The first unputdownable adventure story in this phenomenal series, from the author of the bestselling Young Bond series and award-winning comedy writer and performer (The Fast Show, Down the Line), Charlie Higson. They'll chase you. They'll rip you open. They'll feed on you . . . When the sickness came, every parent, policeman, politician - every adult - fell ill. The lucky ones died. The others are crazed, confused and hungry. Only children under fourteen remain, and they're fighting to survive. Now there are rumours of a safe place to hide. And so a gang of children begin their quest across London, where all through the city - down alleyways, in deserted houses, underground - the grown-ups lie in wait. But can they make it there - alive?
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“That’s the deal, Abbott. Take it…or leave it.” How far will an ambitious heir go to secure his future? Parker Abbott will do whatever it takes to be the next CEO of King’s Finest Distillery, even play fake fiancé to his childhood nemesis, Kayleigh Jemison. Yet as he and the fiery redhead get reacquainted, sparks fly and real passion emerges. But when her ex wants a second chance, who will Kayleigh choose?
It all comes to an end in the final book in The Enemy series The sickness struck everyone over fourteen. First it twisted their minds. Next it ravaged their bodies. Now they roam the streets - Crazed and hungry Sickos swarm the streets of London. Gathered in the centre of the city, they lie in wait. The survivors have one final epic battle to overcome. Together they must work out a plan of attack and end the grown-ups reign of terror before it's too late. The end is coming.
After watching an enemy for a very long time during an endless war, a soldier finally creeps out into the night to the other man's hole and is surprised by what he finds there.
In a society that allows families to have only two children, third child Matthias joins the Population Police to infiltrate their system.
Set in 1954, this compelling historical novel tells the story of a young girl's struggles and triumphs in the aftermath of World War II. The war is over, but the threat of communism and the Cold War loom over the United States. In Detroit, Michigan, twelve-year-old Marjorie Campbell struggles with the ups and downs of family life, dealing with her veteran father's unpredictable outbursts, keeping her mother's stash of banned library books a secret, and getting along with her new older "brother," the teenager her family took in after his veteran father's death. When a new girl from Germany transfers to Marjorie's class, Marjorie finds herself torn between befriending Inga and pleasing her best friend, Bernadette, by writing in a slam book that spreads rumors about Inga. Marjorie seems to be confronting enemies everywhere—at school, at the library, in her neighborhood, and even in the news. In all this turmoil, Marjorie tries to find her own voice and figure out what is right and who the real enemies actually are. Includes an author's note and bibliography.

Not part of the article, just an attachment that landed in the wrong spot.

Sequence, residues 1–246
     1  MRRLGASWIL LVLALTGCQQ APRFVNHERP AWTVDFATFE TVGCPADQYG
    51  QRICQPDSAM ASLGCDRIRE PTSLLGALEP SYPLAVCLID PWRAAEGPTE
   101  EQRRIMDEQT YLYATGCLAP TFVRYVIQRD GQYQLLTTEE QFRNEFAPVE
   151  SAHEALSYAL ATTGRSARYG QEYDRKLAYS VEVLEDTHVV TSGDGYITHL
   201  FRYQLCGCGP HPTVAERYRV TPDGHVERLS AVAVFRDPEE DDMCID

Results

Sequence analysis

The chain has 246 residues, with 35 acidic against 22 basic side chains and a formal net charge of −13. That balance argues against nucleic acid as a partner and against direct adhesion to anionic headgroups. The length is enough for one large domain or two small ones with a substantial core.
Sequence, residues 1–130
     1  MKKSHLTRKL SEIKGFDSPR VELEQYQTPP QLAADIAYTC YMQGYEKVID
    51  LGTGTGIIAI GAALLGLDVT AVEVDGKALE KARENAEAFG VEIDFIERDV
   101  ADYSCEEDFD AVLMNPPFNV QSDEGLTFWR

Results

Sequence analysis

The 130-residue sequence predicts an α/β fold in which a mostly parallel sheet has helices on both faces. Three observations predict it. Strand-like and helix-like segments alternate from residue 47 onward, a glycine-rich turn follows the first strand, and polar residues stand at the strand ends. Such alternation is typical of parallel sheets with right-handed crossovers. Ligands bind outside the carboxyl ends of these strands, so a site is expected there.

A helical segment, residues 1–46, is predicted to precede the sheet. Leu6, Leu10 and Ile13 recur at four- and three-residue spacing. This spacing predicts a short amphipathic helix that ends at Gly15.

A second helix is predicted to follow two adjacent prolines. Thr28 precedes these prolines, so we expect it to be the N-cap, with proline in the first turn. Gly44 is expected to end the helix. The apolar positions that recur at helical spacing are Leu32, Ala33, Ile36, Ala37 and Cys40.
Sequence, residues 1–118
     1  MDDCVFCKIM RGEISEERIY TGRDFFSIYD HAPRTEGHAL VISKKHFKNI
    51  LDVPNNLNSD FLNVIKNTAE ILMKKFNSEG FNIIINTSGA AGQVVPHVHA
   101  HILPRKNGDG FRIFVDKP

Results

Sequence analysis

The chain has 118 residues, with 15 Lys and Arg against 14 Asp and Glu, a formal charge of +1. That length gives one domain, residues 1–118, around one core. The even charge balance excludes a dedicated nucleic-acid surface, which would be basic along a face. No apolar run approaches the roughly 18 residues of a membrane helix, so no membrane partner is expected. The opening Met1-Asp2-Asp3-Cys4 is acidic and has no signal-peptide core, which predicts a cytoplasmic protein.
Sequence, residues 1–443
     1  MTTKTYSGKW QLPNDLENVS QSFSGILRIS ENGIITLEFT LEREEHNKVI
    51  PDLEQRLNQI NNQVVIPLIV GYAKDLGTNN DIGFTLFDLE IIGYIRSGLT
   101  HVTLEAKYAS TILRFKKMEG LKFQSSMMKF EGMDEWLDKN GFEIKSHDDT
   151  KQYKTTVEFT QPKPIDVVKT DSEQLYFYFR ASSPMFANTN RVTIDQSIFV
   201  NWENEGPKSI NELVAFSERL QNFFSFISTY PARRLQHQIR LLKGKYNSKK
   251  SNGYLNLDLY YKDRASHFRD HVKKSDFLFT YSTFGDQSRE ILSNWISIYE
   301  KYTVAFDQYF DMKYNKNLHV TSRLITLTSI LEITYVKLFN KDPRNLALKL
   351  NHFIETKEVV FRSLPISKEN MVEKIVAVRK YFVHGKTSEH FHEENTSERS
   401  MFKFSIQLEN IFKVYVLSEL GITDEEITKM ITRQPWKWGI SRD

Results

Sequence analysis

General Motors, the largest corporation on earth today, has been the owner since 1929 of Adam Opel AG, Russelsheim, the maker of Opel cars. Ford Motor Company in 1931 built the Ford Werke factory in Cologne, now the headquarters of European Ford. In this book, historians tell the astonishing story of what happened at Opel and Ford Werke under the Third Reich, and of the aftermath today. Long before the Second World War, key American executives at Ford and General Motors were eager to do business with Nazi Germany. Ford Werke and Opel became indispensable suppliers to the German armed forces, together providing most of the trucks that later motorized the Nazi attempt to conquer Europe. After the outbreak of war in 1939, Opel converted its largest factory to warplane parts production, and both companies set up extensive maintenance and repair networks to help keep the war machine on wheels. During the war, the Nazi Reich used millions of POWs, civilians from German-occupied countries, and concentration camp prisoners as forced laborers in the German homefront economy. Starting in 1940, Ford Werke and Opel also made use of thousands of forced laborers. POWs and civilian detainees, deported to Germany by the Nazi authorities, were kept at private camps owned and managed by the companies. In the longest section of the book, ten people who were forced to work at Ford Werke recall their experiences in oral testimonies. For more than fifty years, legal and political obstacles frustrated efforts to gain compensation for Nazi-era forced labor; in the most recent case, a $12 billion lawsuit was filed against the computer giant I.B.M. by a group of Gypsy organizations. In 1998, former forced laborers filed dozens of class action lawsuits against German corporations in U.S. courts. The concluding chapter reviews the subsequent, immensely complex negotiations towards a settlement - which involved Germany, the United States, Poland, Russia, Ukraine, Belarus, Czech Republic, Israel and several other countries, as well as dozens of well-known German corporations.
Donnell engages gender theory and cultural studies in order to shed light on cross-dressing- a common though poorly understood practice- in plays performed in Spain and Colonial Spanish America during the sixteenth and seventeenth centuries. The author shows how certain naturalized assumptions about masculinity and femininity are unmasked through the cross-dressed performance of works attributed to Lope de Rueda, Morales, Lope de Vega, Monroy y Silva, and Calderon.